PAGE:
"ElDevotion" fulfills the Elders' responsibility to teach and further the congregation's spiritual life. Elder Dick Geyer (primary author) and his wife Pat authored the book "Chaplains of the Bible: Inspiration for Those Who Help Others in Crisis." Dick has taught adult Bible study classes in three churches including Winfield Bible Chapel. These articles, posted atleast monthly, have been approved by all the elders of Winfield Bible. Feedback is welcomed on these articles.
The clump of three poplar trees clung to the upper edge of the cliff-like stream bank. Some of their roots were bare, the soil having been washed away by floods over the year.
But the trees stood high and erect, apparently healthy, the tallest reaching as high as 80 feet. Remarkably, the trees remained stable over the 27 years Pat and I have owned the property through which the stream, Gillis Falls, runs. They stood even though flood waters rushed by the exposed roots an average of once every one of those 27 years -- and who knows how many years before.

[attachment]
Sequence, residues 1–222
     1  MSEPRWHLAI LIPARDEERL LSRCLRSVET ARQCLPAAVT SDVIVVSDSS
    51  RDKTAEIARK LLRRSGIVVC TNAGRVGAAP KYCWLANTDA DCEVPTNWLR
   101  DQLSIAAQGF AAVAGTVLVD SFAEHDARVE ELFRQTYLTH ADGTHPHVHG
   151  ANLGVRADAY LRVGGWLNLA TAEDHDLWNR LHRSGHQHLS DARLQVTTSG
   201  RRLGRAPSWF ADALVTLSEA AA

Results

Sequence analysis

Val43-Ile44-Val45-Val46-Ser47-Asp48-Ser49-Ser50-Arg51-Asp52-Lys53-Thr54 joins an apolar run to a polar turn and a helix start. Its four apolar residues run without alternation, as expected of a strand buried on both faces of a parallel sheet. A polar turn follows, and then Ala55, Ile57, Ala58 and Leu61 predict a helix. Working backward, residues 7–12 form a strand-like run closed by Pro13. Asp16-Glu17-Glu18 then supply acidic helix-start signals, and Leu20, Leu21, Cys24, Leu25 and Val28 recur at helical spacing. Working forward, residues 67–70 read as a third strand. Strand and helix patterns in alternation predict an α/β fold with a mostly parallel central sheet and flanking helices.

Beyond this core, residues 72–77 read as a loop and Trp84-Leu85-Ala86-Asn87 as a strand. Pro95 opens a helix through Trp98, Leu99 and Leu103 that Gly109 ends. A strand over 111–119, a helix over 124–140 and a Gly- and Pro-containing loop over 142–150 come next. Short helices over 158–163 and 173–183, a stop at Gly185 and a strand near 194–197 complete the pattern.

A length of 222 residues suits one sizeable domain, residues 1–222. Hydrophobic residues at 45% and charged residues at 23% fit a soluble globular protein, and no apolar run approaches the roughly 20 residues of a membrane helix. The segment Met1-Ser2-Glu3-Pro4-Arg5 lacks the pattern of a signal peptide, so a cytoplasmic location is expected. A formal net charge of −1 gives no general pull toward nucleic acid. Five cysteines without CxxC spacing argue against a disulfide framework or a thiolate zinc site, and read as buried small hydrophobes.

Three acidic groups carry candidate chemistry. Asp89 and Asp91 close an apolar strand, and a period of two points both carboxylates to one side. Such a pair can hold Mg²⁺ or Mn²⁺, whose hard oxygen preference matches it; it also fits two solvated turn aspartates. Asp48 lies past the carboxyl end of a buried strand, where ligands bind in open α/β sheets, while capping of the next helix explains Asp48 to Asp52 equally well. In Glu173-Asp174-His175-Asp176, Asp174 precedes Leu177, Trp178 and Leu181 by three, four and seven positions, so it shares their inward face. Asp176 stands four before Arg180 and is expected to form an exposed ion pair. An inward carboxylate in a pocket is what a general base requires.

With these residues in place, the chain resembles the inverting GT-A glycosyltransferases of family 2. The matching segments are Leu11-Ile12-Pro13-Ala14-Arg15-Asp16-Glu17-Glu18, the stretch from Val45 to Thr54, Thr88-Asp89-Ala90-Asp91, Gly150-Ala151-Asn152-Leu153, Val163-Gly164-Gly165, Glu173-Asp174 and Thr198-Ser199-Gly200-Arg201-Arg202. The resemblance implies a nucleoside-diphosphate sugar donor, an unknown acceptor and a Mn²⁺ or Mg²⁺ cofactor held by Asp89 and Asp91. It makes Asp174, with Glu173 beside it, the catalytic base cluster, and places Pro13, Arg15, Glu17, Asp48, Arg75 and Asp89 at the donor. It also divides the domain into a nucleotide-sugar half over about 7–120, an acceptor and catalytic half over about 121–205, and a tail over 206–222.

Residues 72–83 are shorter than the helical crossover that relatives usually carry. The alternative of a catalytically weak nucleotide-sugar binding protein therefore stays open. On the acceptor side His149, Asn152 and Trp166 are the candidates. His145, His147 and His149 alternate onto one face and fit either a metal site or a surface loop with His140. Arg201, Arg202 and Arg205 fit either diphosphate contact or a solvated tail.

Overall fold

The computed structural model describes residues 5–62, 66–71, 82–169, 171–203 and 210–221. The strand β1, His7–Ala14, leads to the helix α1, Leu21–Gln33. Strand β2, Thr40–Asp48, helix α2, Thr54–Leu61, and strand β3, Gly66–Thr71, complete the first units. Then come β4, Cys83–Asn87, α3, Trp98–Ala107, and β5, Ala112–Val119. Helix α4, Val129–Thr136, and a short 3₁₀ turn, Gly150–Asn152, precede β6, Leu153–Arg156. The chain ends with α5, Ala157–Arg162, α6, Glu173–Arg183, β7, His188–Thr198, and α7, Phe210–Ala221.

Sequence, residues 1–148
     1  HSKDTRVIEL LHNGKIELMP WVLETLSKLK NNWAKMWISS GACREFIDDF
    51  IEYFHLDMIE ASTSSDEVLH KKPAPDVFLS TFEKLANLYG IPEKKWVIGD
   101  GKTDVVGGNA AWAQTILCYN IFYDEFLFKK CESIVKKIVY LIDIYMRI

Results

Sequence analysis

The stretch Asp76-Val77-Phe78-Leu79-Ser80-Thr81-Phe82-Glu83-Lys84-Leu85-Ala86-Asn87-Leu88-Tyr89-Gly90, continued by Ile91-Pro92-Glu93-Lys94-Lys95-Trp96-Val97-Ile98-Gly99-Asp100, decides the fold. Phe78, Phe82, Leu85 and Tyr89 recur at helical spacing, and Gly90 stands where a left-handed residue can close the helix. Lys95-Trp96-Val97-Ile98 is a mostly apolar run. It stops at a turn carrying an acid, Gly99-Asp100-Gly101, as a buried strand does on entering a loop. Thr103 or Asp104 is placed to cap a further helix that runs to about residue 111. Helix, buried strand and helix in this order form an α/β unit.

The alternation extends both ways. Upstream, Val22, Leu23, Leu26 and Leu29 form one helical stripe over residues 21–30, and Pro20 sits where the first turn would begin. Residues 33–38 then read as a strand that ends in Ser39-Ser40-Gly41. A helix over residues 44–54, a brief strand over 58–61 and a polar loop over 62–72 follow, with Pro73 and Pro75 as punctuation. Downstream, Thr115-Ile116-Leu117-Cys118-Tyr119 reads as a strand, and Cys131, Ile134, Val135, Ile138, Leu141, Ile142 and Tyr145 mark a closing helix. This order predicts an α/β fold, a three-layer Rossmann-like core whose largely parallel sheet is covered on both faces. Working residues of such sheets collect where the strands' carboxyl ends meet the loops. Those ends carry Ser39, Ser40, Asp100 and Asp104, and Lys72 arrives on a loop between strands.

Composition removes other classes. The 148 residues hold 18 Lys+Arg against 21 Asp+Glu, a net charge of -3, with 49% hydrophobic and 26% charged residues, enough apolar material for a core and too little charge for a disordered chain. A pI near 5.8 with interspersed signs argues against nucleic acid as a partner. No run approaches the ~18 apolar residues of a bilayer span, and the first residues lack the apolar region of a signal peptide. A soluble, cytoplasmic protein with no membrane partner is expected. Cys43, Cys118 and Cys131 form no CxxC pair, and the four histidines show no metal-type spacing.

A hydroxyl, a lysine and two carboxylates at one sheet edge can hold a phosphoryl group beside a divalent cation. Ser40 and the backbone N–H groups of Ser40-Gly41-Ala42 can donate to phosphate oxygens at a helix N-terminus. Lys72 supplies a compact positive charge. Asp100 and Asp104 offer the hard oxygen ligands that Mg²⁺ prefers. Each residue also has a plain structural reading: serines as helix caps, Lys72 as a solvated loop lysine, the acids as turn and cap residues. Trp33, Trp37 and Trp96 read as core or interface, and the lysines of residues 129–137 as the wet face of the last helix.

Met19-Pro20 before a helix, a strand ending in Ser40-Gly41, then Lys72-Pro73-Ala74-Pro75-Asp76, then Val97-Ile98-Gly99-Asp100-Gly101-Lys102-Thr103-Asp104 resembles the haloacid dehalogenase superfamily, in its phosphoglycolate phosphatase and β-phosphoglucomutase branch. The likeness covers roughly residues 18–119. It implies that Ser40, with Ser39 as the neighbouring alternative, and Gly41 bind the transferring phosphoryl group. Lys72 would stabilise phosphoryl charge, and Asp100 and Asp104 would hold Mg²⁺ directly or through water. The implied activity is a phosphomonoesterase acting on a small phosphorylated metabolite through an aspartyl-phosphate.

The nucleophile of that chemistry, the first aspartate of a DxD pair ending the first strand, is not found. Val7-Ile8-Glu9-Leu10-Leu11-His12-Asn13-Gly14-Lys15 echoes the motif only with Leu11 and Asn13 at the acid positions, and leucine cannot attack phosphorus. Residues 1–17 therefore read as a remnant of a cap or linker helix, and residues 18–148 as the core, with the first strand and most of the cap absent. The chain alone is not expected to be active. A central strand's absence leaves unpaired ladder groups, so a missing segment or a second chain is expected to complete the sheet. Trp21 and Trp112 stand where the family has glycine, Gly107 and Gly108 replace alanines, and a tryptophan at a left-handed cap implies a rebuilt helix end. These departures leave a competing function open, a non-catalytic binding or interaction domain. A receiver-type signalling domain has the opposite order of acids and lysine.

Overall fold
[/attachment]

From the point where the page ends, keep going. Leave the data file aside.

Then came the rains and floods of 2018. The stream flooded over its banks at least three times, eating away large chunks of the soil on the banks each time. The poplars could hang on no longer. One flood surge undercut the roots of all three of the trees, bringing them down to a 45 degree angle. Another flood brought two of the trees down to ground level, while the third lodged securely in a large tree on the opposite bank. It, too, would have dropped to the ground but for the tree it landed on.
Psalm Chapter 1 compares one who follows God with a tree firmly planted by streams of water. Psalm 1:3. Such a person is rooted and built up in Christ, Colossians 2:6-7, and rooted and established in the love of Christ, Ephesians 3:16-19.
But what about the person who is like our clump of poplars – not “firmly planted” but still surviving for a number of years, ultimately destroyed when the flood waters of life became too strong? Is the “poplar tree person” like the one David describes in Psalm 1: 1-2? That is, one who associates with the wicked, sinners and scoffers (lives a worldly life, in other words) yet appears to be healthy and prosperous. In the meantime, sin and Satan are gradually undercutting the roots of his life.
Such a person may be able to hang on for a time, even years. But there is always a risk of a “year 2018” in the person’s life – sudden, unexpected tragedy. Better that he make a choice to follow God now rather than risk being swept away by a killer flood of life.